Biometry and digital identity in the post-COVID-19 era
The current pandemic has pushed the world into social distancing and thus, jobs with a touchless or contactless system. Biometry, on which digital identity is based on, in this post-COVID-19 era, has allowed us to do many different things without touching surfaces . This conjunction of technology used even before COVID-19 consolidates today to change our lives.
How will our digital environment change in the new normality?
The biometric technology allows the identification of physical features, which are measured with algorithms that verify the identity of a person. Among the most used ones are for example: fingerprints or facial recognition to unlock smartphones or to access you work center.
Regarding Biometry in the post-COVID-19 era we see two main changes linked to digital identity. On one side, biometric technology is the great winner and on the other side, human beings will discover that only our bodies are necessary to authenticate ourselves at banks, hospitals or work centers.
Many of these biometric systems will mark our daily lives in the so-called “new normality” but most of them have existed since before the pandemic. There use during these last few months has sky-rocketed and everything indicates that it will keep on expanding and gaining popularity.
Eye tracking: your eyes know everything about you
Eye tracking allows us to do many different activities with just one look. In a context where physical contact must be reduced, this tool is one of the greatest winners.
“This virus has made us skip years in the launching of certain technologies, even though we were already implementing them, they were being relegated because they weren’t thought to be crucial”.Eduardo Jauregui, co-founder and CEO of Irisbond, pioneering company in this market, in an interview with the El País newspaper.
In the social distancing scenario, the eye tracking gives us, among others, the following possibilities:
- Direct elevators: These spaces where so many people touch the same surface can now be handled with just the sight. Interior cameras can track the user’s look and identify where it is heading.
- Controlling people’s access: This works quite similar as the elevators. Work centers can make a sweep of all their workers eyes. This biometric system can also be applied to buildings or public transport.
- ATM and bank operations: This would allow safe transactions with just the identification of the iris.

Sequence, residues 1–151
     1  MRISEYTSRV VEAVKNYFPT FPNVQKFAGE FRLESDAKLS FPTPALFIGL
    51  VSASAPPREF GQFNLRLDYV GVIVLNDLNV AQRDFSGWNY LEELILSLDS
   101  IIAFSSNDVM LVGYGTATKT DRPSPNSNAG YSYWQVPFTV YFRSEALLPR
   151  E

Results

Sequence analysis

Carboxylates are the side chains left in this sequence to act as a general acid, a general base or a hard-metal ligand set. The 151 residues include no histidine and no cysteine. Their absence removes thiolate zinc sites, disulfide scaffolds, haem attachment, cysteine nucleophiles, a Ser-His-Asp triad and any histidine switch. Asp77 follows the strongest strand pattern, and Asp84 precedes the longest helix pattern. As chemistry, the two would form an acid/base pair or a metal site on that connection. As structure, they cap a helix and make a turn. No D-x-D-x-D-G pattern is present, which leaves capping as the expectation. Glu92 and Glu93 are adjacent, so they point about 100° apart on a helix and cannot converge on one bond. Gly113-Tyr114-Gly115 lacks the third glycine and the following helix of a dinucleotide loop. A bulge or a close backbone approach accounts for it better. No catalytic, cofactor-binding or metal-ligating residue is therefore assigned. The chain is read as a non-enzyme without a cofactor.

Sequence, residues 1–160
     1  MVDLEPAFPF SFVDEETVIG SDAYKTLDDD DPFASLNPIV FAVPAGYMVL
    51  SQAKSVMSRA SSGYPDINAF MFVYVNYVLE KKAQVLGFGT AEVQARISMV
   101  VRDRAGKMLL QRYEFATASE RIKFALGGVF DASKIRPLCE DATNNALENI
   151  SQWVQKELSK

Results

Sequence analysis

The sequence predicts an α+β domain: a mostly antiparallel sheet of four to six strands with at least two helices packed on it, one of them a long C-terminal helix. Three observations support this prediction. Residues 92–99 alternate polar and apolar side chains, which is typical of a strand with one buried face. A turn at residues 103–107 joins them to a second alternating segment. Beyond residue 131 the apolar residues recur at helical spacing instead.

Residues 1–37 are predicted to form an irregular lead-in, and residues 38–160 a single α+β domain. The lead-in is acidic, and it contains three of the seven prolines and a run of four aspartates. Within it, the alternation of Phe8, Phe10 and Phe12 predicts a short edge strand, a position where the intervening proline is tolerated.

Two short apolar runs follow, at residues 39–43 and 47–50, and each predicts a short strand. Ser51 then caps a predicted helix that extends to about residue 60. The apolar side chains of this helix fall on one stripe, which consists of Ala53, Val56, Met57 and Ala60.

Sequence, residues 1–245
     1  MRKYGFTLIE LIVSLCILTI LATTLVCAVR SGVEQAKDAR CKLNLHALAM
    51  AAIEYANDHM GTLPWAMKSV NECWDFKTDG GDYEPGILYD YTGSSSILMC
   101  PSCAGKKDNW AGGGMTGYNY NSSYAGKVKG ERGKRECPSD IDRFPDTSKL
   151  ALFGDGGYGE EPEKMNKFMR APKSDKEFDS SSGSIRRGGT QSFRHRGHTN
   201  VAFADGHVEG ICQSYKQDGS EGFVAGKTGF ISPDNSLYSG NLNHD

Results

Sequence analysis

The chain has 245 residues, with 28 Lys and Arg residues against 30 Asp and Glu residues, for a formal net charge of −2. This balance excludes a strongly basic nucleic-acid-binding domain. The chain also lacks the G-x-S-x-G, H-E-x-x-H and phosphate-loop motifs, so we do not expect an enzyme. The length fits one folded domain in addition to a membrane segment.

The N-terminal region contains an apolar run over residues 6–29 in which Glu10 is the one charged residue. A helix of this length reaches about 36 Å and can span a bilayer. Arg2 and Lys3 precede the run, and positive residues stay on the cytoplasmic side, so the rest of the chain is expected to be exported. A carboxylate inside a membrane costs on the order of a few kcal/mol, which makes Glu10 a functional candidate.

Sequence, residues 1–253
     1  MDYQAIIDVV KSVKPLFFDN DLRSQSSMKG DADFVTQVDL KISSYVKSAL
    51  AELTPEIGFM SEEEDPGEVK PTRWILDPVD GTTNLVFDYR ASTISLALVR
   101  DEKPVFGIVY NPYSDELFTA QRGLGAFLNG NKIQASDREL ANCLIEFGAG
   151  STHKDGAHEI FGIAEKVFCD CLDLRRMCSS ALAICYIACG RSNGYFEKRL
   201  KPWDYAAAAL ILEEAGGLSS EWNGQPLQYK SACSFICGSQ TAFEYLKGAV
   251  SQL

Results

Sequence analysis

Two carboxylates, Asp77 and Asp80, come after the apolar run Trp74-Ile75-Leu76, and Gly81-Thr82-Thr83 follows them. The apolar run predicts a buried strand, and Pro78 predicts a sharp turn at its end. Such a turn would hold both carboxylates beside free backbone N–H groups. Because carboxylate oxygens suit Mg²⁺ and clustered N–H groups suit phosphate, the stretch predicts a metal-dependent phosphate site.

- Driving and managing work machinery: This has the advantage of avoiding physical contact with the surfaces but also avoiding accidents at the work place.
- Payment actions: This has been implemented in some platforms in a successful way, for example recently with Google Chrome.
Facial Recognition: the camera knows who you are
Facial recognition keeps on gaining popularity in the current in the context marked by biometry and digital identity post-COVID-19. This is a 100% non-transferable data that makes us unique. A very polemic topic surrounding its implementation is related with data security, which also applies to other biometric ID systems-, this is a matter that companies implicated in this management must protect to raise reliability among users.
This biometric system is already used in actions like unblocking your cellphone, in some payment systems and to access work centers. With the new post pandemic era it will be useful for airplanes and hotels as well. An option in which the user won’t have to touch anything, just show their faces in a camera.
Voice Biometry: new era technology
Voice is another technology that was also used even before coronavirus and that has been used more massively in the pandemic. Voice biometry will avoid contagions in daily activities and contribute to the reduction of bureaucracy, as well as paper consumption.
Actions like signing, accessing the office and paying using the voice have been potentiated in this pandemic times and the experts assure that they will increase the market for biometry and digital identity in the post-COVID-19 era. These operations, among others like controlling smart speakers at home, were known and used since before coronavirus.
With the use of biometric systems, proving who we are is much easier than we would imagine 20 years ago. Today, the greatest challenge that these tools are facing is the protection of the users’ data.